|A.I.R. exhibit at Badlands NP Visitors Center. "The White Place", center|
I picked up my truck last week after its rear fender surgery and it looks great. Body shops always do this psychological trick of shining the whole vehicle up real pretty. I imagine my truck was pretty nervous when they approached it with this strange substance called "wax", but I'm sure it soon relaxed and enjoyed the spa treatment. Now it's acting all frisky and a bit vain as it looks down it's hood at all the dusty cars on the road.
I also started my Physical Therapy to get me all shined up after my knee scope. So far so good. So mobility is slowly returning, not that I haven't enjoyed being housebound for a few weeks. And I've enjoyed reviving my biography reading habit, picking up two at the library today, Thomas Hart Benton and David Hockney.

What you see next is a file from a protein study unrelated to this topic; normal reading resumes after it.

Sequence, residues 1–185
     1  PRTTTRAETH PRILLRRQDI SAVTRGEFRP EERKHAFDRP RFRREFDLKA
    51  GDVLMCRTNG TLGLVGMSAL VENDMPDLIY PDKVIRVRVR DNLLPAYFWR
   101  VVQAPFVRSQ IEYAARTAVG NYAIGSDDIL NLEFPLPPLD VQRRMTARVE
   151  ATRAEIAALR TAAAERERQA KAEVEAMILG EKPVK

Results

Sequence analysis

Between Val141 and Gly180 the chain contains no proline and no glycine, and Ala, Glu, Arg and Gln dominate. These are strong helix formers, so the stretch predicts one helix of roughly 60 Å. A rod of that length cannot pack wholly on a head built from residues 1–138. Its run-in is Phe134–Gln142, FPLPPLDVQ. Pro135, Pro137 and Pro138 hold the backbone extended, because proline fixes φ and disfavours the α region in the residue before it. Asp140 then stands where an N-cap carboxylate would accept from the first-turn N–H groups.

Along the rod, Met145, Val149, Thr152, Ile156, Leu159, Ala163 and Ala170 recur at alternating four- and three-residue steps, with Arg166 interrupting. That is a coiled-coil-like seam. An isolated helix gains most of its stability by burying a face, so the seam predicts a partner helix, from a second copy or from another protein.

Sometimes I try to imagine that this is really my life, and I won't have to go back to my day job. It would, of course, be fantastic, but I would have to really adhere to a schedule. Too much time is lost in aimlessness. Despite that I haven't lost that feeling that I'm not getting enough done, or that there isn't enough time to do everything. For example, this blog, and my residency journals. And, of course, painting.
The thing about painting is that it isn't something you can do and it's done. It demands time and more time as you dive deeper in. But that's ok, since for me it's the most important thing. I need to examine all the other things I think I NEED to do. Because even when I have All Day, they still don't all get done. The NY Times had a great column about "The Busy Trap" and I'm going to try to take it to heart. Not only can't I see the forest for the trees, I can't see the trees for the understory. So a little brush cleaning is in order. So I can load up those brushes in the studio.